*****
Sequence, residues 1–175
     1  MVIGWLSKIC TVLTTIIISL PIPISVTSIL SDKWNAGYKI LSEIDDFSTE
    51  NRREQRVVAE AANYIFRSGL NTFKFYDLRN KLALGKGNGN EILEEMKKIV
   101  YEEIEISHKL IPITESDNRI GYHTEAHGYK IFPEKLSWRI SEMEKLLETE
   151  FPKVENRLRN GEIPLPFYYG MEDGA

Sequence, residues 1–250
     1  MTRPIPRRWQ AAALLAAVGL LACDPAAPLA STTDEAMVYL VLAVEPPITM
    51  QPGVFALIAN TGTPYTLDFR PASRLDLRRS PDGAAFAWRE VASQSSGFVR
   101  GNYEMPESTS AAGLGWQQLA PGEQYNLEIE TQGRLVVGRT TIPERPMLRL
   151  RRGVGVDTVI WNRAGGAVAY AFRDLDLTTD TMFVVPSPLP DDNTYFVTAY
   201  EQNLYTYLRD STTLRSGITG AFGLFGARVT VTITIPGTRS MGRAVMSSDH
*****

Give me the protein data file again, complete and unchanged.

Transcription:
Sequence, residues 1–175
     1  MVIGWLSKIC TVLTTIIISL PIPISVTSIL SDKWNAGYKI LSEIDDFSTE
    51  NRREQRVVAE AANYIFRSGL NTFKFYDLRN KLALGKGNGN EILEEMKKIV
   101  YEEIEISHKL IPITESDNRI GYHTEAHGYK IFPEKLSWRI SEMEKLLETE
   151  FPKVENRLRN GEIPLPFYYG MEDGA

Sequence, residues 1–250
     1  MTRPIPRRWQ AAALLAAVGL LACDPAAPLA STTDEAMVYL VLAVEPPITM
    51  QPGVFALIAN TGTPYTLDFR PASRLDLRRS PDGAAFAWRE VASQSSGFVR
   101  GNYEMPESTS AAGLGWQQLA PGEQYNLEIE TQGRLVVGRT TIPERPMLRL
   151  RRGVGVDTVI WNRAGGAVAY AFRDLDLTTD TMFVVPSPLP DDNTYFVTAY
   201  EQNLYTYLRD STTLRSGITG AFGLFGARVT VTITIPGTRS MGRAVMSSDH